Hairspray

Hairspray

Lauren Rubenstein

[dropcap]I[/dropcap]t’s a historic show, but as pointed out by the performers and the co-directors, these are historic times that are not too far removed. Kinkaid has partnered with another school, George Washington Carver High School, to put on a production of the musical “Hairspray.” As co-director Mr. Justin Doran put it, “This is the first time in the city of Houston that anything has been done of this scale, with this many students, with two radically different schools.”

“Hairspray” is the story of Tracy Turnblad’s quest for stardom (played by junior Brock Looser) on a local TV dance program. Once she lands a spot on the show, she begins scheming to integrate the predominantly white show.

For Mr. Doran and his Carver co-director, Ms. Roshunda Jones, the story of “Hairspray” is one that provides sharp social commentary on American society. The recent events in Ferguson, Baltimore, and the protests across college campuses this fall incentivized Mr. Doran and Ms. Jones to engage their student artists “in a way that they would start thinking about how to approach these issues.”

The idea for “Hairspray” came a year ago, when Mr. Doran began wondering what musical he might direct this year. “I was walking through the library, and there was a cover of Time magazine that had a photo of a young man being chased down the street in the Baltimore riots, and on the cover it said, ‘America, 1968’—but the 1968 was crossed out and 2015 written in,” said Mr. Doran. He asked himself, “Is there a show out there that could highlight what’s going on in the world today?”

The following weekend at the Tommy Tune Awards, he sought out Ms. Jones (Carver received acting nominations for their production of “Ghost”). She was very open to a collaboration between the schools, and from that moment, they began the long process of gaining approval for the project. They spoke to the Tommy Tune Awards organization and two school administrations because the joint-show is “very different and very worthwhile.”

“As an artist, you never wanna be stagnant. So, the more you’re challenged in your own process, the better you get. It just takes a little bravery and a little faith to continue to test yourself,” Mr. Doran said. “And doing things differently is not necessarily good or bad, but it does sharpen you.”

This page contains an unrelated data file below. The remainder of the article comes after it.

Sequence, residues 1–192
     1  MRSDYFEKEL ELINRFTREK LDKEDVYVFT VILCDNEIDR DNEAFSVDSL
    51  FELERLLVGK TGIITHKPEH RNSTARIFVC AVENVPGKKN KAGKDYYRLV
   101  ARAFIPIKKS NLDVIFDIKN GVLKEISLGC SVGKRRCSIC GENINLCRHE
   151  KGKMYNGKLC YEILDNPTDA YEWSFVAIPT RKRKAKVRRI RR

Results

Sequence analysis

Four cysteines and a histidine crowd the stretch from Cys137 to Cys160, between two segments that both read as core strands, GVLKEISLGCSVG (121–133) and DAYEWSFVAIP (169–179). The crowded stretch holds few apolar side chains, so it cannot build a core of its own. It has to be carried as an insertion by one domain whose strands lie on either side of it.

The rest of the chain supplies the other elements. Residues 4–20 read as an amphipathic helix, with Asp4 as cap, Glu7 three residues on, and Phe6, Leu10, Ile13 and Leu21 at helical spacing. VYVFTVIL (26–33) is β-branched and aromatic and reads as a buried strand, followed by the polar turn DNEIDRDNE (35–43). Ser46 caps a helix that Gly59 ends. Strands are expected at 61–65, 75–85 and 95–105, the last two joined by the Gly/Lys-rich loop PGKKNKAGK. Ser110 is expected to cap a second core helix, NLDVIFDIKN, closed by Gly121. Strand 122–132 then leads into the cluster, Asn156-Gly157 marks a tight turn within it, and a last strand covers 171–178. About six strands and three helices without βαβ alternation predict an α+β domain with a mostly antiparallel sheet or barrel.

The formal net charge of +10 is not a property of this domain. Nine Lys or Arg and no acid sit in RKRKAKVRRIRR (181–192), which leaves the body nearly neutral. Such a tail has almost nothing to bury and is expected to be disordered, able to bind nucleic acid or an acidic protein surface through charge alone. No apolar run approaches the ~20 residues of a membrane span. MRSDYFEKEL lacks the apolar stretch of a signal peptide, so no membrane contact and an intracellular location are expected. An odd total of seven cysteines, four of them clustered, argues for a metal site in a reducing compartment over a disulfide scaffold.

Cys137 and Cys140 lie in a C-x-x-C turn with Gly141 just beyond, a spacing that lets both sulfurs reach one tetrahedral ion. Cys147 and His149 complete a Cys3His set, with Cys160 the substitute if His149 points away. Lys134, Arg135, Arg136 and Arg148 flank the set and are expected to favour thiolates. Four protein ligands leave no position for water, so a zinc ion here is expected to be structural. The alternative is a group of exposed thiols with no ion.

“Hairspray” is a massive production that involves juggling many parts: It features 100 students from Kinkaid and 75 from Carver (last year’s “A Chorus Line” had 86 students)—just memorizing everyone’s names at the beginning was an immense experience. When students commute to Carver or to Kinkaid, they spend about 30 to 45 minutes just in transit. But none of the performers and stage/tech students regret their involvement.

Bishop Pearsall (Carver ‘18), who plays Thad in the musical, said, “That’s the beauty of ‘Hairspray.’ It’s so glitz and glam, and it’s so fun to watch, but there’s so much underlying meaning to where you realize there are lines in the show that are just like, ‘Wow.’ That resonates with you. And the purpose of that is to show you, we’ve made some progress, but we still have a long ways to go as human beings.”

“I don’t want [people] to see Carver and Kinkaid doing ‘Hairspray,’ I want them to see society on stage. I want them to see past tense representing present tense, trying to change the future. If we don’t change the way we think, we’re not going to evolve,” Pearsall added.

The “Carkaid” performances of “Hairspray” tell a story: they exhibit the hardships, relationships, and a shared love of art and music. The show was first performed at Carver the weekend of Jan. 15. It came to Kinkaid this Thursday for Students’ Night. Three more performances took place in the Katz Performing Arts Center at 7 p.m. on Feb. 26-27, and at 2 p.m. on Feb. 28.